Occasionally a collision of interests occurs when the limited, cautious gains of scholarship or the speculative theories of a scholar are spun into fantastic proportions by popular promoters and the media. Three scraps of papyrus at Magdalen College, Oxford, are offering enough drama to catch the eye of writers from the Times of London (Dec. 24, 1994) to Time magazine (Jan. 23, 1995). Now Doubleday is promoting a book with a barrage of brochures for bookstore distribution. "As important as the Dead Sea Scrolls," they announce. "A gripping human story," "a mysterious 2,000-year-old journey of papyrus," "startling discoveries." This is a story of an "inquisitive Victorian missionary," an "earthquake of biblical proportions," a "persistent German scientist," an "award-winning British journalist," and an "ancient writer who creates one of the world's most important documents," now valued at "over $10 million." Can another Indiana Jones sequel be far behind?
To stir the pot further, Eyewitness to Jesus is marketed as uncovering a "longtime feud between conservatives and liberals." The three papyrus pieces were allegedly "read and handled" by one of the eyewitnesses to the resurrected Christ! To deny their antiquity is apparently to deny something fundamental about Jesus and the New Testament. To reject the book's thesis is to betray one's liberalism.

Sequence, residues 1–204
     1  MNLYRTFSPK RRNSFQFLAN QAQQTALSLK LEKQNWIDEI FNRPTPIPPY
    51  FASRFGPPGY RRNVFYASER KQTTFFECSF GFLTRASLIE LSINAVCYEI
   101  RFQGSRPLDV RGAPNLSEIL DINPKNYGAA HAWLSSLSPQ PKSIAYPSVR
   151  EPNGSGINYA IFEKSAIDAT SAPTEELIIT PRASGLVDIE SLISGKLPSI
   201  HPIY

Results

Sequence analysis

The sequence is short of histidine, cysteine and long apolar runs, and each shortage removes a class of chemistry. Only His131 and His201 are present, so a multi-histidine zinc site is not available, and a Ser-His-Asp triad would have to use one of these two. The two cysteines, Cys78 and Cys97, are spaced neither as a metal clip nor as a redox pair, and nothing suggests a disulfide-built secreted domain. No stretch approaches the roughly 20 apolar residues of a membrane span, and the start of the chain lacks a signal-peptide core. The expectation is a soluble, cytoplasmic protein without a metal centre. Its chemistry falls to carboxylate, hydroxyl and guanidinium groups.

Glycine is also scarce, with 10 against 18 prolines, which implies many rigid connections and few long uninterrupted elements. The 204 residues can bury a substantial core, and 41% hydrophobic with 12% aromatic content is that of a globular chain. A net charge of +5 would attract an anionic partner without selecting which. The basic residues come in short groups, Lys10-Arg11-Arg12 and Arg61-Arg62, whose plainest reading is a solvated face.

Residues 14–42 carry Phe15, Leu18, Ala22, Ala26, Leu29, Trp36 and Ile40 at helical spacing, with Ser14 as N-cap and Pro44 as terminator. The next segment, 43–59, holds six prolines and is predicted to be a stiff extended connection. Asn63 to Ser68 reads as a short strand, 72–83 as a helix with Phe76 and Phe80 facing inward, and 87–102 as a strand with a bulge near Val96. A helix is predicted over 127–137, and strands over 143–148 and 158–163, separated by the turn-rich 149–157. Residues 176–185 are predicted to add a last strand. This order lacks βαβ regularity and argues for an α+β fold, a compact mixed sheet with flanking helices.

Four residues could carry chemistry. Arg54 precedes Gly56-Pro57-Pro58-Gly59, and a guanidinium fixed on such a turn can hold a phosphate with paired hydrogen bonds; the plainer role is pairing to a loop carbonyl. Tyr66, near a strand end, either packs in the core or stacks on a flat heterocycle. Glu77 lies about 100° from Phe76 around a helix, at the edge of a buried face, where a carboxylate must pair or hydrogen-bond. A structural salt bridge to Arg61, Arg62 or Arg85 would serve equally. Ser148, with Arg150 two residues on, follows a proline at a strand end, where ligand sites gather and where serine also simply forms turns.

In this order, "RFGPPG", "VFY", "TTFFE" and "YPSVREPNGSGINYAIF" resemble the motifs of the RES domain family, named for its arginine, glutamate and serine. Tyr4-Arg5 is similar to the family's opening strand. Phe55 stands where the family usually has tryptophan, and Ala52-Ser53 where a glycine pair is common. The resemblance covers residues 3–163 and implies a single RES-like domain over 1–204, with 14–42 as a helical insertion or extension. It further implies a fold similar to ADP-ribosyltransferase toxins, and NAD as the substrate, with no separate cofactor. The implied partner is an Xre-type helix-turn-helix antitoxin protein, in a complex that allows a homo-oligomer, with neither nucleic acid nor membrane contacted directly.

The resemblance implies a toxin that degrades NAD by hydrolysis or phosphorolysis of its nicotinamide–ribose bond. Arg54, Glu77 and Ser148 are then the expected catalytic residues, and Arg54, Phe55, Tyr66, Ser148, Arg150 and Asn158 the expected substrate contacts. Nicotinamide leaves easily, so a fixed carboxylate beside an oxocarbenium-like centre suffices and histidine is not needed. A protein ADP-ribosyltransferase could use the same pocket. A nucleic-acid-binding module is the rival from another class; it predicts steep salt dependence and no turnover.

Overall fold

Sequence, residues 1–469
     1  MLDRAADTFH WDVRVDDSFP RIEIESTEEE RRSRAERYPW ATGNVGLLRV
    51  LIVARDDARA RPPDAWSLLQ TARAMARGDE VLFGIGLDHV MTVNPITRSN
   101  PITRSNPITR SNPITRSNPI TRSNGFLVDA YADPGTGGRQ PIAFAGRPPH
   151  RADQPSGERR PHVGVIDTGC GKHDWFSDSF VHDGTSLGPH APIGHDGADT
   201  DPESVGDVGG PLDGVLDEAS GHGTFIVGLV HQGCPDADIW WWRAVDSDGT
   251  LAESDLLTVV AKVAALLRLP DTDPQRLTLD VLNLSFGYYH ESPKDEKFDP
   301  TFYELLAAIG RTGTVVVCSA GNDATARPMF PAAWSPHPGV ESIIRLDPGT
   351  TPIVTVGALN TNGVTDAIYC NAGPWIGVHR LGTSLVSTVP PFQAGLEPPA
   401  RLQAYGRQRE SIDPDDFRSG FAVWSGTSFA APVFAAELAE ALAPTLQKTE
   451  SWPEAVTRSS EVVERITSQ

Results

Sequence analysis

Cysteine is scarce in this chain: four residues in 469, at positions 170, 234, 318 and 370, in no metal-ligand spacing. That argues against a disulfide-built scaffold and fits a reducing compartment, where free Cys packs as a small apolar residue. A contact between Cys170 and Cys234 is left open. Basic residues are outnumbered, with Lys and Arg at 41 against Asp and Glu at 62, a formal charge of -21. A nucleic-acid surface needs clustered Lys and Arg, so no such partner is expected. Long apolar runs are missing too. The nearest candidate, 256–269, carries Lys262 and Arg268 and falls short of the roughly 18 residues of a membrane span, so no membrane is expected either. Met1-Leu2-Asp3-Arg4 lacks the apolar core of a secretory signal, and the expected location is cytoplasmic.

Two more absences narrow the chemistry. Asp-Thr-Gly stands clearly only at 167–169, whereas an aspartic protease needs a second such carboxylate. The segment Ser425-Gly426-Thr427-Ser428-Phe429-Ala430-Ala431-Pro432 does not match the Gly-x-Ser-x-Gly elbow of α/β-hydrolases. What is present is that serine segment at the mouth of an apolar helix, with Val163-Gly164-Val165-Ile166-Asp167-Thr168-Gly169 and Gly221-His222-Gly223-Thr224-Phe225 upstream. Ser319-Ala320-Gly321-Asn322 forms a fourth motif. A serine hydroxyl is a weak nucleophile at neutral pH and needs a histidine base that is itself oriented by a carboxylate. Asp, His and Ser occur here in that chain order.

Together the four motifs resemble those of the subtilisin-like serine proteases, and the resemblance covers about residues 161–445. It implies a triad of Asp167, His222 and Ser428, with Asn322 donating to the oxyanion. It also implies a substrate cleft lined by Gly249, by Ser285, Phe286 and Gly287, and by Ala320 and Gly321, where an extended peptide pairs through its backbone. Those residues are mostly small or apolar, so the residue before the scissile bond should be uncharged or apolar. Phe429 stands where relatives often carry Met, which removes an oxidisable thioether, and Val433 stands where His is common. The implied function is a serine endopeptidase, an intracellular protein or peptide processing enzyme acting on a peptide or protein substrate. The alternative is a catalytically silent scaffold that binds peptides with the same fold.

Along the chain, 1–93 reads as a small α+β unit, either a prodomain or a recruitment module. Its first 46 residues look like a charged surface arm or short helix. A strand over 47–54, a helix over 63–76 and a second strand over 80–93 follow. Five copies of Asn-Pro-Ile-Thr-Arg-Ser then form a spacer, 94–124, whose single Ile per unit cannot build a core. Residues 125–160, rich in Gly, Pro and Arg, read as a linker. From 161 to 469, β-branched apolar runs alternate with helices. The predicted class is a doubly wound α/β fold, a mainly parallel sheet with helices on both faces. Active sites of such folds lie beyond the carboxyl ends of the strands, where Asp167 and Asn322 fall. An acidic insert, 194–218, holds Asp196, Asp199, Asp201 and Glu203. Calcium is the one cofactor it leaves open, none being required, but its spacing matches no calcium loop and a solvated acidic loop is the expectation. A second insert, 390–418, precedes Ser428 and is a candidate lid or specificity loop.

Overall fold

The papyrus story behind this book is simple enough. In 1901 the British missionary Charles Huleatt purchased the pieces of papyrus in Luxor, Egypt, in the antiquities market and donated them to his alma mater, Magdalen College, in Oxford, England. They remained in a display case until 1953, when the well-known papyrologist C. H. Roberts published them (with photographs) and—after ...1
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